The Divergence of UC and CC

02/08/21 Wavenet
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Are Unified Communications and Contact Centre Converging? It’s the kind of thing analysts and pundits love to talk about. However, I’m afraid not, it’s a myth, something that could have happened and didn’t.


I’m here to talk about some of the areas where convergence has happened, how the big players missed the boat and the areas where the contact centre is really converging with other enterprise systems.

I’m Johnathan Zemlik Head of Contact Centre Solutions for Wavenet and I do not think UC and CC are converging anytime soon, quite the opposite, in fact, they are diverging at pace. I did think this would be the case even before COVID19 and I’m even more sure now. There are many different reasons for this but let's start with the elephant in the room: Microsoft Teams has set the pace and backed systems integration rather than convergence!


Microsoft Teams does not yet have a native contact centre developed and supported in house by Microsoft 


In fact, they have come out swinging for systems integration by allowing leading CCaaS vendors, many of whom Wavenet work with such as Content Guru and Five9 to undertake certified integrations into the MS Teams technology stack. 

Until Microsoft develop, and most importantly mature their own native MS Teams contact centre, or maybe buy an established CCaaS vendor UC and CC convergence will remain limited for a huge proportion of the market.

However, this doesn’t mean UC solutions haven’t become more complex and taken on features from the contact centre space. There is value in a company running a Contact Centre and Unified Communications on the same core platform, especially where traditional telephony was concerned.

That’s the issue though, it’s a traditional view seen through the paradigm of traditional technology, but the market has moved on. UC and CC convergence is a voice focused perspective for the market that is now omnichannel. Just because the two solutions have voice at the heart of their feature sets they are not there to do the same thing.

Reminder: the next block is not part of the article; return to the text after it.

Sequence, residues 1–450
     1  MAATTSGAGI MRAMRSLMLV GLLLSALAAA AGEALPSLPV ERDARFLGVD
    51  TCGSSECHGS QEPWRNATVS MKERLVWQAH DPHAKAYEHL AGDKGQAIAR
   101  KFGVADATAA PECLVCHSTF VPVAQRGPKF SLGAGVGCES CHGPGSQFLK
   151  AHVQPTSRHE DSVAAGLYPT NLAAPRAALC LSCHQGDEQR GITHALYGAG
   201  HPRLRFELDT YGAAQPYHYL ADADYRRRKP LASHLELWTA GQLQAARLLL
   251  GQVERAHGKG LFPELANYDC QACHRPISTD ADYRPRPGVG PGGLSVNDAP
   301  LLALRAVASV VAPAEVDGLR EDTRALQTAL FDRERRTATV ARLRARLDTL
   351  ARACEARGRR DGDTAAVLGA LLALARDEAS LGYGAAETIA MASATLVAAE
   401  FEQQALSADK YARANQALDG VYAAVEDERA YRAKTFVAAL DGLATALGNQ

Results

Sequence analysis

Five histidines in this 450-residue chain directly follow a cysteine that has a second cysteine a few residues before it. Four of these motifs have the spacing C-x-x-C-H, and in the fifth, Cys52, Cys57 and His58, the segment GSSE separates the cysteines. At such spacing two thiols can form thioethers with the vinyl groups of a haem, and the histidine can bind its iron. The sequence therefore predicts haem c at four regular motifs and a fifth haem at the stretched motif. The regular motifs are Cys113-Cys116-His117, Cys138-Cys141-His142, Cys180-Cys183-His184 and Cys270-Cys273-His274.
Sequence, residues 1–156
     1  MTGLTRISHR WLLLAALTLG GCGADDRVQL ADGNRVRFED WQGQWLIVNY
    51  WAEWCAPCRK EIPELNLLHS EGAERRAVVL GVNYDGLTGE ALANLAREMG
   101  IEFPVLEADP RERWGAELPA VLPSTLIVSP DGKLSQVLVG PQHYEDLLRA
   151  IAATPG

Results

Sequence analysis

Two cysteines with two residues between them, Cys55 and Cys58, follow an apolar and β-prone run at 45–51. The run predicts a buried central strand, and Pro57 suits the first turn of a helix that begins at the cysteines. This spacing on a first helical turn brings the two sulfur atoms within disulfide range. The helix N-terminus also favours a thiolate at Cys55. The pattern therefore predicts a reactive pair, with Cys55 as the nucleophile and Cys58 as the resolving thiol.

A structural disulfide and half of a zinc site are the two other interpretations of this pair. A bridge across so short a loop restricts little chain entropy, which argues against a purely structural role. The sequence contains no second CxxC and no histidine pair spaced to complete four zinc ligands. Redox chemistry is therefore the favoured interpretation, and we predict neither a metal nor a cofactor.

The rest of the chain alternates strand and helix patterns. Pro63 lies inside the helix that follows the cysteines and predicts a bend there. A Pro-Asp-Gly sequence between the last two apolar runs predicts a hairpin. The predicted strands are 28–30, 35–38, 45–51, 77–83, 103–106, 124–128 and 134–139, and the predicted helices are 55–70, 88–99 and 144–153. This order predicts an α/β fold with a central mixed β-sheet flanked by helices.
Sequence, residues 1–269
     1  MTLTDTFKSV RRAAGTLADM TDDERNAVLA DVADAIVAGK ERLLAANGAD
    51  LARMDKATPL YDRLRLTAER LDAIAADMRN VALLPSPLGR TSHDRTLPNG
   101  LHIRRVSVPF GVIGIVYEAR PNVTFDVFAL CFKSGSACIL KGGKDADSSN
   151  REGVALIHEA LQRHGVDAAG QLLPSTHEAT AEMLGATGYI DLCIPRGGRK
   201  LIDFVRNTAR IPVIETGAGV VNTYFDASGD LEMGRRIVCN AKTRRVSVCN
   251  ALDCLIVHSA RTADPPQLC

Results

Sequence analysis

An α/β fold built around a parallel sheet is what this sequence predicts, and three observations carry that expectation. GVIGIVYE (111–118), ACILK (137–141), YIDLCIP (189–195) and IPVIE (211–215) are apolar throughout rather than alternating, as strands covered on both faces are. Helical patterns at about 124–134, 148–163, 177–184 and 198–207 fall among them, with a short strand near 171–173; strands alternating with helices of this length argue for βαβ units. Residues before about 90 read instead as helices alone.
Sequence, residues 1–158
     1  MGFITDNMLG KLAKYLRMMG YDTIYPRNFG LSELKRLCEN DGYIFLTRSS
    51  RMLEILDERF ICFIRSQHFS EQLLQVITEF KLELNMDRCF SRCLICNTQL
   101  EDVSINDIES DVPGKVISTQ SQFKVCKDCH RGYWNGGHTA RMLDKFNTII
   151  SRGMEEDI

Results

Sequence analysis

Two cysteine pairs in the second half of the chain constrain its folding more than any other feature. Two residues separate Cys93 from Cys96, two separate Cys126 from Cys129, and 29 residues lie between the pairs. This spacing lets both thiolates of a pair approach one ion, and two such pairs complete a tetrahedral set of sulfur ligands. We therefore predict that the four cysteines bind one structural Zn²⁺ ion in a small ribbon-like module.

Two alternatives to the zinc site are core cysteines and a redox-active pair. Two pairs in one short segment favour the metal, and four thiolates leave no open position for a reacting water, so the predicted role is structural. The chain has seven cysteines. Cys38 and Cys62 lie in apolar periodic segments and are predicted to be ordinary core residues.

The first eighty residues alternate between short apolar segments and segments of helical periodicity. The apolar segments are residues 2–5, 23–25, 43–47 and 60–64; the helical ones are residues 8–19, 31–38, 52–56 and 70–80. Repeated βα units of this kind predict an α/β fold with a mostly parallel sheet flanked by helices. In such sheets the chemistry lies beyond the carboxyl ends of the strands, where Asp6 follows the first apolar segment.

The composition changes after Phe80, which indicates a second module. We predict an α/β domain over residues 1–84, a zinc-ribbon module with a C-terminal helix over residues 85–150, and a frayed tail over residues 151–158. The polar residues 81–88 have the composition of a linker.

How did we get here?


The Contact Centre is there to support customer engagement. It is looking to achieve two outcomes to boost customer retention:

  • To automate customer interaction quickly and efficiently where appropriate in a personalised and imitative manner.
  • To route the customer interaction to the best-placed advisor within the company so they can resolve their interaction across any channel.

Contact Centre solutions need to have access to the customer data to support both these outcomes and ensure advisors have the information to resolve the issue the first time. 

The technology within the Contact Centre is specialised to achieve these ends.

Unified Communications however is now focused on enabling collaboration between users. It's about supporting not just one on one calls between back-office staff, but full conferences and tools to enable colleagues to work together on the same task and or document.

The concepts between these two technology stacks have remained virtually the same for the past 20 years but their divergence began long ago. The responsibility for this divergence lays at the hands of traditional CPE based vendors who didn’t think ahead.

At Wavenet we believe in an ethos based on disruptive technology, this is a change theory that describes the processes through which industry-leading businesses fall behind the technology curve, fails to adapt to the demands of the market and find themselves vulnerable to competitors within the market.